The Apple Of God's Eye

February 3, 2011

Abraham: Was His Child By Hagar Adultery?

iamachild.wordpress.com

The Creator of the universe set in motion a living, dynamic, active law. That law, when violated, brings on misery, heartache and death, unless repented of. Abraham violated that law, and he suffered the penalty.

Abraham and Sarah for the moment lacked faith in God’s promise to provide them with an heir (Genesis 15:1-6), and Sarah urged Abraham to produce an heir through Hagar, her maid (Genesis 16:2).

Let’s notice the result: “Then Sarai said unto Abram, ‘My wrong be upon you! I gave my maid into your embrace; and when she [Hagar] saw that she had conceived, I became despised in her eyes’ ” (Genesis 16:5).

Yes, they knew they had sinned. Not only did their consciences trouble them, but their deeds brought family problems, animosity, resentment and contempt. The rest of their physical lives was not to be the same. Abraham and Sarah learned an important lesson.

Too many people have the idea that God is a harsh monster who fiendishly punishes human beings the moment they step out of line. No such thing — God set a law in motion to bring us peace and happiness. When we break that law, we bring on ourselves the penalty of sin and suffering.

God designed human beings as free moral agents with capability of making decisions, thereby developing character through experience. God gave man His law to help guide and direct him in living a happy, abundant life. David said: “Oh, how I love Your law! … Your word is a lamp to my feet” (Psalm 119:97, 105).

Yes, Abraham did break God’s law, and it was a bitter lesson not soon forgotten. Abraham did repent, of course, and was blessed by God. But that mistake of Sarah’s and Abraham’s is with us yet — in the animosity between Jew and Arab today!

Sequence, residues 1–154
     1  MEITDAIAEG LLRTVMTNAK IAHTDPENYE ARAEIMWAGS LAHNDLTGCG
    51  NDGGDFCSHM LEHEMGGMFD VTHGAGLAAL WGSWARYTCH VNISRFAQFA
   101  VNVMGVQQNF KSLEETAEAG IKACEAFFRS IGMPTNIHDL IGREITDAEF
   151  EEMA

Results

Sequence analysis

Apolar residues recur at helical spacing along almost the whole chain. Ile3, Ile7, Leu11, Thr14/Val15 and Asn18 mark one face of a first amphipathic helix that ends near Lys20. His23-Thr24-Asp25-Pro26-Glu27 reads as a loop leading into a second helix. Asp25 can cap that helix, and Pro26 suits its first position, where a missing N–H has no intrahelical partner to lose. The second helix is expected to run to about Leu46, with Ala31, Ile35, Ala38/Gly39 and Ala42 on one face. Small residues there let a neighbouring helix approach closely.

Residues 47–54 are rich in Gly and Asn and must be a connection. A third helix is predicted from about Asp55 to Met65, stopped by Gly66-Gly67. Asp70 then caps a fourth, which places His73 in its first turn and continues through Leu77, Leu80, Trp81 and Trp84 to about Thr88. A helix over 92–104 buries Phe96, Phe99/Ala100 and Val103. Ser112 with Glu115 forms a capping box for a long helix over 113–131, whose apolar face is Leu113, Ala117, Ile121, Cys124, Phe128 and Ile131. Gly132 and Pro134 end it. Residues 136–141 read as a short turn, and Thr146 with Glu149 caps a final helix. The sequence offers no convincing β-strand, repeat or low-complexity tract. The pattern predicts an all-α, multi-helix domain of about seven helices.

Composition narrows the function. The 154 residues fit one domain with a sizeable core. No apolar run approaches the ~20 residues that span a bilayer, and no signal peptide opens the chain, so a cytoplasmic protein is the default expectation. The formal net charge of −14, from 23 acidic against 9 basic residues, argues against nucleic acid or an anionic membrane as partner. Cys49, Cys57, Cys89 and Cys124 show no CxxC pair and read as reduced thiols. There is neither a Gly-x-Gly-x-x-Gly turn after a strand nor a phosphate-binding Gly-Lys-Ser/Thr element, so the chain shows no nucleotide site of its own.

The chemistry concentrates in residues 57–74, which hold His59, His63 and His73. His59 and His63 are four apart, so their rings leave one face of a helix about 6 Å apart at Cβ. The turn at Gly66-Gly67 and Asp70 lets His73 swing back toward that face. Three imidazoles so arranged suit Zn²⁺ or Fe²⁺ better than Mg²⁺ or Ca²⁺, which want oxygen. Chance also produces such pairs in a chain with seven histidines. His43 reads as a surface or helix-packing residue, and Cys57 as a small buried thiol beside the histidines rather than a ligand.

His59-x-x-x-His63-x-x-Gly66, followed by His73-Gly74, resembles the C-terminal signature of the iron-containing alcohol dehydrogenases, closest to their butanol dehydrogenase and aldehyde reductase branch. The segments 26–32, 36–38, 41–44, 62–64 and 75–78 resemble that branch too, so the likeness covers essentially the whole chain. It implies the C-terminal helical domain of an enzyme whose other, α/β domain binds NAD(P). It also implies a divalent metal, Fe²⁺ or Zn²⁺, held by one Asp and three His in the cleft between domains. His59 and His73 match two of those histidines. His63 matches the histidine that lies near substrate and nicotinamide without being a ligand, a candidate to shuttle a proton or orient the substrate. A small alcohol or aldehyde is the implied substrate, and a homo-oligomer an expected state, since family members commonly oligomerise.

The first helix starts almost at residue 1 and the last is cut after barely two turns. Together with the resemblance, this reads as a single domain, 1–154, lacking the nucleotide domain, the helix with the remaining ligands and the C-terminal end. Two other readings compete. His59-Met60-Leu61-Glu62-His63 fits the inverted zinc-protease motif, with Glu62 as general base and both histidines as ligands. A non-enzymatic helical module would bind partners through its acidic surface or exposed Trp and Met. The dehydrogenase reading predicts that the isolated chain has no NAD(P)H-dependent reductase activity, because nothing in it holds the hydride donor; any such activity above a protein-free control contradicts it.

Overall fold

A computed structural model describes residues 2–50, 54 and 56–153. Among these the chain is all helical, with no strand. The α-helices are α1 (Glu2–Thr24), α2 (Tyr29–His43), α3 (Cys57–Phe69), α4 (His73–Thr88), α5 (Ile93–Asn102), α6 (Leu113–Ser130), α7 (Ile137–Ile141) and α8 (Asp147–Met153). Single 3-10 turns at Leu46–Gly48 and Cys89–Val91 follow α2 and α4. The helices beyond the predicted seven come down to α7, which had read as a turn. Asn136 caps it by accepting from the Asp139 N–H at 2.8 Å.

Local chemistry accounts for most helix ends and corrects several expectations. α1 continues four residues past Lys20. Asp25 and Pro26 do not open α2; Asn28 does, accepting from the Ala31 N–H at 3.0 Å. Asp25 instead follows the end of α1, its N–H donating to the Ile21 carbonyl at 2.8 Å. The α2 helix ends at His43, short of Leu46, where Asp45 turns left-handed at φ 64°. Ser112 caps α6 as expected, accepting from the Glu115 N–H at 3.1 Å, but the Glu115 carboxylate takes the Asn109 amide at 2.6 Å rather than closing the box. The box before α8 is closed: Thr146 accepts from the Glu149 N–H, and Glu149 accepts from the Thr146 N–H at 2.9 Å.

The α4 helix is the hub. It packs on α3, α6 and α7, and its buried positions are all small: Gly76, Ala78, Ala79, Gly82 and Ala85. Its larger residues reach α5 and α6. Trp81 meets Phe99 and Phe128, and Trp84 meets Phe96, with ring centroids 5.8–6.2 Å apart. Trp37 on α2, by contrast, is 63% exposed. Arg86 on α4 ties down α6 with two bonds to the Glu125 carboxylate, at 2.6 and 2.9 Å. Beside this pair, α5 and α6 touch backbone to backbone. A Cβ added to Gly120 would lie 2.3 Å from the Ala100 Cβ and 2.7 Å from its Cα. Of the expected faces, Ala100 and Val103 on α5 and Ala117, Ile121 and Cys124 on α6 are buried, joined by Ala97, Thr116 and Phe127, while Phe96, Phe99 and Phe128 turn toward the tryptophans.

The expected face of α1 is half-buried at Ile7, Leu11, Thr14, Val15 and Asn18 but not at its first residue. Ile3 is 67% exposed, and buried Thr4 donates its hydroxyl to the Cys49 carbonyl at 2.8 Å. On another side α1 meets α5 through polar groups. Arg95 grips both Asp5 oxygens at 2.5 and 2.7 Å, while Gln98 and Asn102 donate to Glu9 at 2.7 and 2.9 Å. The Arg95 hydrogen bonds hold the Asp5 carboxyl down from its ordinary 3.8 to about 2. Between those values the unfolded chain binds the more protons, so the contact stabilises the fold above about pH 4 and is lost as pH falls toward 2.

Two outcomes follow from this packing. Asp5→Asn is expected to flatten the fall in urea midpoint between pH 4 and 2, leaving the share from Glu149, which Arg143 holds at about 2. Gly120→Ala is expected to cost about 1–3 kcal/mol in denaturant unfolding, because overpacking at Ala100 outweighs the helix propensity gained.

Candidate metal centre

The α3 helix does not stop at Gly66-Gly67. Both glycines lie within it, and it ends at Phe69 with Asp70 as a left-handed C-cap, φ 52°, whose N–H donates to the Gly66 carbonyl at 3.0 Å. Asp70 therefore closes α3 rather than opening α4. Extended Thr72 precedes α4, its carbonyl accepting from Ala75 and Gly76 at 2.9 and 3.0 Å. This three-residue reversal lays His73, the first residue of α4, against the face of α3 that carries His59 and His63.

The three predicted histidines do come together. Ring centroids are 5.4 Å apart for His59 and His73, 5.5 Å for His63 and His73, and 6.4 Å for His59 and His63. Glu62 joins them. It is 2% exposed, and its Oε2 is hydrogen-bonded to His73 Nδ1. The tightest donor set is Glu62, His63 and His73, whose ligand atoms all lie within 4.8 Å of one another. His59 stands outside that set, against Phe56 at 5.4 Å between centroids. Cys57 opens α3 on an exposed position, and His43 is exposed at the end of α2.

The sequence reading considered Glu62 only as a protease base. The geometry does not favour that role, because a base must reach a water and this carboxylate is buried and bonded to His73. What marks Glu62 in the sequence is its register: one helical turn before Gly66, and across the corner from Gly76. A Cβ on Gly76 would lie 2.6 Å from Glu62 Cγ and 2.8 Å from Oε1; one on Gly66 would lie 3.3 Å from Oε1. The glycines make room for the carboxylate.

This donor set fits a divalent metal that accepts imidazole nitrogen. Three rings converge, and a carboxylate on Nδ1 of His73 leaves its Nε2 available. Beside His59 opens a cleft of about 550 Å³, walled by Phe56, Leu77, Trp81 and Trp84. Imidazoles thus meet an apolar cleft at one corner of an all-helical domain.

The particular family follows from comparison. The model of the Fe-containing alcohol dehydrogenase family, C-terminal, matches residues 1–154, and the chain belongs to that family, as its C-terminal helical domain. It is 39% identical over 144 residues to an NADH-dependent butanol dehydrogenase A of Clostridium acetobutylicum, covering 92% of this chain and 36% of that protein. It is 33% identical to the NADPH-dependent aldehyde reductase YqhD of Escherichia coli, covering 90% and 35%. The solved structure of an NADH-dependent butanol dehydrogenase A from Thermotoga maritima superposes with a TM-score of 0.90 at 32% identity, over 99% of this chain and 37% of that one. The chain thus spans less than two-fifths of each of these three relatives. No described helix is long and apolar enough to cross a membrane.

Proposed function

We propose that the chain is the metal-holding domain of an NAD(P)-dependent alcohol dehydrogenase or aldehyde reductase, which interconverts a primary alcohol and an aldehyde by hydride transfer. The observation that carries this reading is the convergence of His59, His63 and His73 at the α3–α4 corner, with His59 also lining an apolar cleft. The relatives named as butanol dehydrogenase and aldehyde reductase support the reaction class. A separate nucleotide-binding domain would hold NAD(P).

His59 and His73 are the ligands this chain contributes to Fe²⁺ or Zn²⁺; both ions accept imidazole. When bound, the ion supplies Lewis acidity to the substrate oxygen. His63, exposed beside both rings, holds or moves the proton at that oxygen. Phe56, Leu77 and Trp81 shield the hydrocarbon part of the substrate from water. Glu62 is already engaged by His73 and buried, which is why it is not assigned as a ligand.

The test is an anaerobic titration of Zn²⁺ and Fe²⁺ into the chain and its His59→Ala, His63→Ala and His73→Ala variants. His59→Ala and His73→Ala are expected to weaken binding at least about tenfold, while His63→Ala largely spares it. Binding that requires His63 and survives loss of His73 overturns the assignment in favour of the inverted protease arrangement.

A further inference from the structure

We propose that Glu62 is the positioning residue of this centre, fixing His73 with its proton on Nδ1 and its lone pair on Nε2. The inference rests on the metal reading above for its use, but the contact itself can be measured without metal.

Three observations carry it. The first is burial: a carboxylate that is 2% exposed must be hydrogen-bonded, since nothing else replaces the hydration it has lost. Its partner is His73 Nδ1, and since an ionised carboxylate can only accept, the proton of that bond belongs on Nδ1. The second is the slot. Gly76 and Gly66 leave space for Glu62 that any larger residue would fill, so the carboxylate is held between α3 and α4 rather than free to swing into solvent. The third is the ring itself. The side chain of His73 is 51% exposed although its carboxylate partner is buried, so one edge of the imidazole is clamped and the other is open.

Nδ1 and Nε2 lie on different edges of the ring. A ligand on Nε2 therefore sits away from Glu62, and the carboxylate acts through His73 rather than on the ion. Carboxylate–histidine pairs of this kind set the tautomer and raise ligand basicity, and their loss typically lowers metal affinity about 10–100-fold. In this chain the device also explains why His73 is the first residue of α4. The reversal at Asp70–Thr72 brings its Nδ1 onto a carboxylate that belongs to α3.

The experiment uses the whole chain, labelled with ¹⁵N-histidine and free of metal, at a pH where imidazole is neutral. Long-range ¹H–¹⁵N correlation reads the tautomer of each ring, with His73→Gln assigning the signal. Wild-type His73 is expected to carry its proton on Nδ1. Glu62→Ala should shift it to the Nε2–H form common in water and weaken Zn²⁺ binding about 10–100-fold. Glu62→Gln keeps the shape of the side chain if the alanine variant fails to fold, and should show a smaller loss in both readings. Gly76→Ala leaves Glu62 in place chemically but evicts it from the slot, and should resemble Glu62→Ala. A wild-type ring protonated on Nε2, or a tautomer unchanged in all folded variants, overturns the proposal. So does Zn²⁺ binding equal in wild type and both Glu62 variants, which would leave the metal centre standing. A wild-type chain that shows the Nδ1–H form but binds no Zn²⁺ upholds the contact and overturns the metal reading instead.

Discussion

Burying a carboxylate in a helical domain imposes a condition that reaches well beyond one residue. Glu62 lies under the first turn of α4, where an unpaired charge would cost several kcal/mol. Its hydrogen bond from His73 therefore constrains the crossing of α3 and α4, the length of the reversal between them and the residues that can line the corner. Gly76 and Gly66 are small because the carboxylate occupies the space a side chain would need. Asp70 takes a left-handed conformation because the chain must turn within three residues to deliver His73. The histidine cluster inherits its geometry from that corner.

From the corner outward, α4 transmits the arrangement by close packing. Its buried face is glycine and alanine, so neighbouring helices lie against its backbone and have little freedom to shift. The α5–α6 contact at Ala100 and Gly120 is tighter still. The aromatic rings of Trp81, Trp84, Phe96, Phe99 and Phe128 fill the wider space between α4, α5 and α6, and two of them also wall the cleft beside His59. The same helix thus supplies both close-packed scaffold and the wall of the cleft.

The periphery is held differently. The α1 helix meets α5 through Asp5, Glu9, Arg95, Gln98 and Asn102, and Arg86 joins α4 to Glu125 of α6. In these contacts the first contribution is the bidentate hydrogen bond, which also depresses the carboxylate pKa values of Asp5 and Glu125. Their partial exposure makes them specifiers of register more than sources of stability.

Source: The Good News, April 1985

February 1, 2011

Why Did God Kill In The Old Testament?

loonpond.blogspot.com

God said: “All who behave unrighteously, are an abomination to the Lord your God. Remember what Amalek did to you [Israel] on the way as you were coming out of Egypt, how he met you on the way and attacked your rear ranks, all the stragglers at your rear, when you were tired and weary; and he did not fear God” (Deuteronomy 25:16-18).

Notice how harsh and unfair the Amalekites were. They waited until their enemy was extremely weak, and even then, they attacked from behind, killing the laggers one by one.

But why did God slay all of the Amalekites? Surely some must have been righteous. If so, why didn’t God spare them?

Let’s take another example, that of Sodom and Gomorrah. In Genesis 18:23-32, Abraham asked God if He would spare those sinful cities if as few as 10 righteous people could be found in them. God said yes.

The same principle applies to the Amalekites. God may have spared the Amalekites if there had been even 10 among them who were righteous. But there wasn’t one innocent person among them!

But understand God’s plan. Are these people lost forever? No!

They will be resurrected to mortal flesh and given a chance to live under God’s government (Revelation 20:12). If they then repent and obey God, they will be given eternal life as members of His Family. God put these people out of their misery, realizing that He would later resurrect them and give them their first real chance for salvation.

How merciful is God (Psalm 103:1-18)!

Source: The Good News, May 1985

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